The result of her efforts: Nuance Salma Hayek, a line of 100 products, including moisturizers, cleansers, and cosmetics, available online and carried by more than 6,000 CVS drugstores nationwide. Hayek, an unabashed devotee, uses them all. "We have a pimple medication that treats the spot and the discoloration on your face at the same time," she says with obvious pride. "It's one of the best products we have."
Whether they like it or not, most actresses find themselves at the mercy of age and the fickle tastes of moviegoers. Not Salma Hayek, who presides over an impressive business empire that has her securely calling the shots. In addition to Nuance, she cofounded Cooler Cleanse, a popular juice-cleanse outfit vying for a lucrative piece of the $77 million detox industry—Hayek even helped formulate the recipes. She also owns Ventanarosa Productions (Spanish for "pink window"), whose impressive list of credits includes The Maldanado Miracle, a made-for-TV movie that earned Hayek an Emmy for Best Director; Ugly Betty, which by the end of its four-season run had amassed 18 Emmy nods; and Frida, the biopic of Mexican artist Frida Kahlo, for which Hayek scored a Best Actress Oscar nomination in the title role. Even more ambitious projects are in the works: a miniseries based on Broadway's Wicked, as well as an animated feature inspired by the Khalil Gibran classic The Prophet.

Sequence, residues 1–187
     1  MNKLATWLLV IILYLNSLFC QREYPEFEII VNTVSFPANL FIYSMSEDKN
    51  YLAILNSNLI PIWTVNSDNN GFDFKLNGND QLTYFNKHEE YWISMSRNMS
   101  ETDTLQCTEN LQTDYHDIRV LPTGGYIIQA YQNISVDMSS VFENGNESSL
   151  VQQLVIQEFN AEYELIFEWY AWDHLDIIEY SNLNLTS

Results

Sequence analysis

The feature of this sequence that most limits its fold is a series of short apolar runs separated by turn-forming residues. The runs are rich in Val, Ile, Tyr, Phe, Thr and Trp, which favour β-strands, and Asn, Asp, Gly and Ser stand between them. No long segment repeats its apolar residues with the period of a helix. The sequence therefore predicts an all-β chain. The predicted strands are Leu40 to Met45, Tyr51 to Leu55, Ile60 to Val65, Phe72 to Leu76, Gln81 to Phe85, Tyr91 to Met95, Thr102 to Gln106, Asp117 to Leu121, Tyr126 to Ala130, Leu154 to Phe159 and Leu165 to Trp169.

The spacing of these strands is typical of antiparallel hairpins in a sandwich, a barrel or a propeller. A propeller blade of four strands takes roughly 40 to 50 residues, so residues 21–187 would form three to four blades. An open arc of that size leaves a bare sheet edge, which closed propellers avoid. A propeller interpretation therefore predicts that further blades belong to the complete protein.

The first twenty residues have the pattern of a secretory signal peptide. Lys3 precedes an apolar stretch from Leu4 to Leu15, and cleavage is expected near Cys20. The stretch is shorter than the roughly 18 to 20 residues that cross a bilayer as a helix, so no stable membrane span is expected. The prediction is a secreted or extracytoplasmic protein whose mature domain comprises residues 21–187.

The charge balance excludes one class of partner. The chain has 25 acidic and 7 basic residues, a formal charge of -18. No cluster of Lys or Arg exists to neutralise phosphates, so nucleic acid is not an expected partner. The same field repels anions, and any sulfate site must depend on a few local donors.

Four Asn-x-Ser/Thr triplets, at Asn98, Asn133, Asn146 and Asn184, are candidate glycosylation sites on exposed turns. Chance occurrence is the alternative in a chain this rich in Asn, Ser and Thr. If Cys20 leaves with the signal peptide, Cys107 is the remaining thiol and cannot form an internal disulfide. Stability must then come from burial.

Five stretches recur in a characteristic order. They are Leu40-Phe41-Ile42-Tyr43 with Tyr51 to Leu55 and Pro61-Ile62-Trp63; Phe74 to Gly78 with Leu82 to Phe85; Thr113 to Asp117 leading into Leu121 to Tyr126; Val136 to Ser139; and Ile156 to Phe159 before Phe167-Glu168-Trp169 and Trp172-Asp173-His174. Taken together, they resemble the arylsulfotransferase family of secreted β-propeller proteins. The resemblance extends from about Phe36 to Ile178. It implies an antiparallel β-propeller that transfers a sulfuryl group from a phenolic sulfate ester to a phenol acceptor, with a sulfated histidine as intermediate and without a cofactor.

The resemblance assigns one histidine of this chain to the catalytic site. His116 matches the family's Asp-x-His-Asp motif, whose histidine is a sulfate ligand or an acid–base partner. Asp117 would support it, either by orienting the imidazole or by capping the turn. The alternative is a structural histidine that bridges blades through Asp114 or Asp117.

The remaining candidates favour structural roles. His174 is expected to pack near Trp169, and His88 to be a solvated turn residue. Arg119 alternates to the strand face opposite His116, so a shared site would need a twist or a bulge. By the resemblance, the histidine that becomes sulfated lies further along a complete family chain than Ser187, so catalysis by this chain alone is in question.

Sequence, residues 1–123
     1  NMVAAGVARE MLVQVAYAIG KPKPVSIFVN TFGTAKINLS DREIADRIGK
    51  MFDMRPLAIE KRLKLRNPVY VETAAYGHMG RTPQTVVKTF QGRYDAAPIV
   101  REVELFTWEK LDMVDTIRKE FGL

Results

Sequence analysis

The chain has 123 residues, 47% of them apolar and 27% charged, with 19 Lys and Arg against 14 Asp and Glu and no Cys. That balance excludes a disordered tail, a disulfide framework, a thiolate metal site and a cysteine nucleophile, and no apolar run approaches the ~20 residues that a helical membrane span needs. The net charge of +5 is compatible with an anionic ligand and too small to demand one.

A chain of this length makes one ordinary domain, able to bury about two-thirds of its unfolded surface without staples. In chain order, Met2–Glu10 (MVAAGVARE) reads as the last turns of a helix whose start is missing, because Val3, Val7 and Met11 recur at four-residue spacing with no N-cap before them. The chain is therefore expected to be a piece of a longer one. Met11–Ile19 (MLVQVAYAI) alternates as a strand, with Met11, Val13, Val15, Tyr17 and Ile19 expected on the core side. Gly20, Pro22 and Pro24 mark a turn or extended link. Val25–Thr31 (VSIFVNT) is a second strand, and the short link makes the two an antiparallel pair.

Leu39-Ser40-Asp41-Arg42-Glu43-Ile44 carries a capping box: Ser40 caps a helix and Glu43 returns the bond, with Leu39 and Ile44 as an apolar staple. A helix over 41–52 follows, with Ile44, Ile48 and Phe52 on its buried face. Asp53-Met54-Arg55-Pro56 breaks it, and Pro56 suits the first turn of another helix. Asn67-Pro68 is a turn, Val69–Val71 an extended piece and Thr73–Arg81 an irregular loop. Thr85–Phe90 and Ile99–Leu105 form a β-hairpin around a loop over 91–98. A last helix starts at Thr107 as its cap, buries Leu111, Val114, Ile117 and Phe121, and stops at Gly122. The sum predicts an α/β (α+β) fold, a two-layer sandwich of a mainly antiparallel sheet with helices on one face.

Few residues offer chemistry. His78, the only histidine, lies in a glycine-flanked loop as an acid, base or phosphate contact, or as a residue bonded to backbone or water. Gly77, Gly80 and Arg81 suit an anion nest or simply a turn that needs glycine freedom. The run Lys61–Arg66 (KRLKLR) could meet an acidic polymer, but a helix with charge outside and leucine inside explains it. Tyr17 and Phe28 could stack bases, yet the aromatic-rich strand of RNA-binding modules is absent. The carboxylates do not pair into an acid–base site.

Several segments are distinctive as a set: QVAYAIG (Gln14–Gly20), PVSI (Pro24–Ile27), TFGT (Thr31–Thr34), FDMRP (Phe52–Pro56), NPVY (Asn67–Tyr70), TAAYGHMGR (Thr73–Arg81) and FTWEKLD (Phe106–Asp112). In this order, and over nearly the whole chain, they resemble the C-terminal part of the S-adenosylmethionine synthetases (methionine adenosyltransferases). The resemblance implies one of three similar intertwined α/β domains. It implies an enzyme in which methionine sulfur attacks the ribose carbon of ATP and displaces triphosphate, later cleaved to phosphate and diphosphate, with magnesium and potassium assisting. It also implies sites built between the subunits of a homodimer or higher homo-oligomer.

Hayek isn't one of those high-minded, Inside the Actors Studio types who insists she was born to be on-screen. Nestled in the back of an SUV following a long day of meetings, Hayek, clad in a horizontally striped Gucci sweater and tight jeans, ruminates on what brought her here. "Imagine if I'd said, 'I have to be the best actress—I want that and nothing else,'" she tells me as we head to her Bel Air home. "I never would have directed. I never would have produced. I never would have done a beauty line. I would have just worried about getting a job or been frustrated that I wasn't getting the job that I wanted. I was ready to be a businesswoman."
But not everyone else was ready to accept that. "Because I have a background in a different field, it can be hard to negotiate and make a good deal for myself. People always underestimate me," Hayek says of her initiation into the business world. "But if you stick around long enough, act out of conviction, and try to be honorable in everything you do, good things will come to you. I have seen karma work in this business."
Defying expectations has been a recurring theme of Hayek's career. Born in Coatzacoalcos, Mexico, she was a popular soap opera actress before moving to the United States in 1991 at age 24. Though she didn't speak a word of English, her relentless work ethic and bombshell looks quickly caught the attention of casting agents. By 1995, she won the female lead in the ultraviolent Desperado, opposite Antonio Banderas. (Their scorching sex scene, in which Hayek appears nude, is often cited as one of the hottest romps ever committed to film.) She proved her versatility by following up with comedies like Fools Rush In and Wild Wild West. Still, she knew she was capable of much, much more: For several years she fought to produce a film about Frida Kahlo, which at one point Madonna was also rumored to be pursuing. Hayek eventually succeeded and stunned critics with her range.